Take the 2-minute tour ×
Mathematics Stack Exchange is a question and answer site for people studying math at any level and professionals in related fields. It's 100% free, no registration required.

What is a good geometric way of thinking of complex tangent vectors on a manifold? I can convince myself that I understand tangent vectors by thinking of them as paths on the manifold. Is there a nice way to visualize or think of complex vectors on a manifold?

I mean, I know the definition of a complexified tangent bundle, and if a manifold has an almost complex structure, and I know what it means for the complex vector to be holomorphic, antiholomorphic, and that there is an isomorphism between these eigenspaces and the real tangent bundle...

But I just don't "get" it. I feel like I have no intuitive understanding of what these things are.

If the manifold comes with an almost complex structure, is it correct to think of holomorphic tangent vectors as some kind of germs of J-holomorphic maps from an open set in $\mathbb{C}$ into the manifold?

share|improve this question
    
sorry to distract from your post; please see the last comment here: math.stackexchange.com/questions/54973/… –  gary Aug 8 '11 at 20:49
    
The germ of a $J$-holomorphic map from $\mathbb{C}$ to an almost complex manifold is determined by the image of $\mathbb{R}$: if $v$ is a tangent vector for $\mathbb{R}$, the tangent vectors for $\mathbb{C}$ are spanned by $v$ and $Jv$, and if $f:\mathbb C\to M$ is $J$-holomorphic, then $df(Jv)=J(df(v))$, and so everything is determined completely by the image of $df(v)$. Germs of such maps should be in correspondence with regular tangent vectors. You say that you have no intuitive feeling for what complex tangent vectors are. Do you have intuition about general vector bundles? –  Aaron Aug 8 '11 at 22:04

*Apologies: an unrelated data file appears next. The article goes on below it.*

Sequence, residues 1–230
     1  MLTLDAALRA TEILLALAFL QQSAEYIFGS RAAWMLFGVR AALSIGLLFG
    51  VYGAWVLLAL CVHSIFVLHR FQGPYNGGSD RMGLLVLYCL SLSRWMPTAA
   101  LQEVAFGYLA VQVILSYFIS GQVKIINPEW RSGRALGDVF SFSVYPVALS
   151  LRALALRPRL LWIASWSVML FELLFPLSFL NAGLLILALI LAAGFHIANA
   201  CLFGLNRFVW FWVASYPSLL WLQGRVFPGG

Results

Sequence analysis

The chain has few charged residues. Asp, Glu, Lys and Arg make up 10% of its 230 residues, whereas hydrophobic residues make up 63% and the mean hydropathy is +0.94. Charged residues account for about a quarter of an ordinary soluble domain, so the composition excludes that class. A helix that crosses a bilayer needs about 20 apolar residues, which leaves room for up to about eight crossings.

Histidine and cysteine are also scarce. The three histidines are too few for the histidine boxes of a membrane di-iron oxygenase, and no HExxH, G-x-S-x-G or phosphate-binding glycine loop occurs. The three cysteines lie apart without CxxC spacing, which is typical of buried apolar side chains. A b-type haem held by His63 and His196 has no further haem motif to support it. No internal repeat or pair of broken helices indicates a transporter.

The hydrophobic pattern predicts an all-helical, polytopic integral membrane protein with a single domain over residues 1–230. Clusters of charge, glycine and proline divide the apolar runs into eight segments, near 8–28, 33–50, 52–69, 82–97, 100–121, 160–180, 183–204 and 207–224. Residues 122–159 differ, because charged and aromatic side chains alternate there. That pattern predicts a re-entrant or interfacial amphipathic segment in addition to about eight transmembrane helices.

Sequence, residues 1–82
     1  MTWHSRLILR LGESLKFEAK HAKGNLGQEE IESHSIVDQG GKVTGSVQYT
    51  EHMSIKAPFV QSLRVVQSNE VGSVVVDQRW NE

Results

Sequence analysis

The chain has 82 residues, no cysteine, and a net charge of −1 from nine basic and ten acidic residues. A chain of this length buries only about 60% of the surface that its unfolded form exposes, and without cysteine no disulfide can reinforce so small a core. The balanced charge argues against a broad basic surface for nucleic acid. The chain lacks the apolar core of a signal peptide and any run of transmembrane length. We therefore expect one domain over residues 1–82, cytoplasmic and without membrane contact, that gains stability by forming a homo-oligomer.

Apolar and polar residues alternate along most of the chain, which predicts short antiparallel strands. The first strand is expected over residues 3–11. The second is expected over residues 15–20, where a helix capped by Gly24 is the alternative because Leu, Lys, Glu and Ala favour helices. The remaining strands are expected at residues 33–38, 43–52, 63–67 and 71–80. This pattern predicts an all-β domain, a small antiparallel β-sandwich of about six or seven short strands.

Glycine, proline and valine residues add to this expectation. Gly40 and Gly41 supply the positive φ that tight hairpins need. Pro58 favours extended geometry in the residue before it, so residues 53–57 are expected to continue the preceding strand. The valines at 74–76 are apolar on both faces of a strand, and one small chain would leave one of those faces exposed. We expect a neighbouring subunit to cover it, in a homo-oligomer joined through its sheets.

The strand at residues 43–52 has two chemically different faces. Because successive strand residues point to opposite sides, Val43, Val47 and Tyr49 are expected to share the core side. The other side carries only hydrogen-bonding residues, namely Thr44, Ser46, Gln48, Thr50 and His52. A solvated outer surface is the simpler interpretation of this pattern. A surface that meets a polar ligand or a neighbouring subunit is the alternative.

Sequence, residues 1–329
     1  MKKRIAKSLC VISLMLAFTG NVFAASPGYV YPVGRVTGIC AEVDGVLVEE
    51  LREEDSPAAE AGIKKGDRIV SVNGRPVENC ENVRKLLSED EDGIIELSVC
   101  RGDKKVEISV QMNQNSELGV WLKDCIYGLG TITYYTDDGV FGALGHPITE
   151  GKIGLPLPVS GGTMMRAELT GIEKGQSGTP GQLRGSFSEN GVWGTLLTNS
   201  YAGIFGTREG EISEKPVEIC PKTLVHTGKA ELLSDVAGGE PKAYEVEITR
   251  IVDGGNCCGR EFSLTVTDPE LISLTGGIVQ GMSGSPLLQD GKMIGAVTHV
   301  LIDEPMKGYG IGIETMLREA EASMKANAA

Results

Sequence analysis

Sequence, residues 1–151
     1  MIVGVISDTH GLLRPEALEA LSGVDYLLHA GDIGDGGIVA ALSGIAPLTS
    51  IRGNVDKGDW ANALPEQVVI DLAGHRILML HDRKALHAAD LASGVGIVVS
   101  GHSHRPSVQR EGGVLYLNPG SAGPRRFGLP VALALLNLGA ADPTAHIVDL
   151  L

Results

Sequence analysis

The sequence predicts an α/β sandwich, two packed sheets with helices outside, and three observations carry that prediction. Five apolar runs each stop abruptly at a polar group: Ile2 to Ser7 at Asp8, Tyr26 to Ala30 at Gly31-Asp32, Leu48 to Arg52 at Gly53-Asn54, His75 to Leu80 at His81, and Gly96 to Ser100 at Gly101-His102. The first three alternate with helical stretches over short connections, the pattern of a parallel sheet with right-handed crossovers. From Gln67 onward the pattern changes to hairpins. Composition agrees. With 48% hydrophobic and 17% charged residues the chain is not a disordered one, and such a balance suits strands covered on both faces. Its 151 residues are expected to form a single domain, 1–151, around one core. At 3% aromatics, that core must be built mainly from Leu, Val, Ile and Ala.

@Aaron - I have some intuitive notion for general vector bundles. But for general vector bundles, a priori there is no special relationship between the fibers and the base space, so complexification of an abstract real vector bundle doesn't feel like it's such a bizarre thing to do. –  Braindead Aug 9 '11 at 1:56
    
The thing that really drives me insane about this formalism is when you start out with a vector space that is already a vector space over complex numbers. –  Braindead Aug 9 '11 at 2:13

1 Answer 1

I'm not entirely sure what you are looking for, but complexifying a vector space just means that you take $\mathbb{C}$-linear combinations instead of $\mathbb{R}$-linear ones. In general, they are nothing more and nothing less.

For the tangent bundle, there is a decent interpretation, but it requires changing how you think about vectors (and in particular, shifting your attention to vector fields).

While there is a correspondence between vectors at a point and equivalence classes of paths through the point, we can think of a vector field $V$ as being an $\mathbb{R}$-linear functional $V:C^{\infty}(M)\to C^{\infty}(M)$ that satisfies $V(fg)(p)=V(f)g+fV(g)$. You should verify that every $V$ with this property actually is a vector field.

A section of of the complexified bundle are the same thing, except we are looking at $\mathbb C$ linear derivations on the smooth, complex valued functions. This can be seen in local coordinates, where normal vector fields will be $C^{\infty}(M)$-linear combinations of the coordinate vector fields $\partial_{x_i}$ while the complex vector fields will be $C^{\infty}_{\mathbb C}(M)$ linear combinations.

Unfortunately, this still doesn't give the geometric interpretation of individual vectors that I feel you are looking for, and you are left with the harder to understand "a complexified vector at $p$ is an element of the stalk (at $p$) of the sheaf of complex vector fields."

share|improve this answer

Your Answer

 
discard

By posting your answer, you agree to the privacy policy and terms of service.

Not the answer you're looking for? Browse other questions tagged or ask your own question.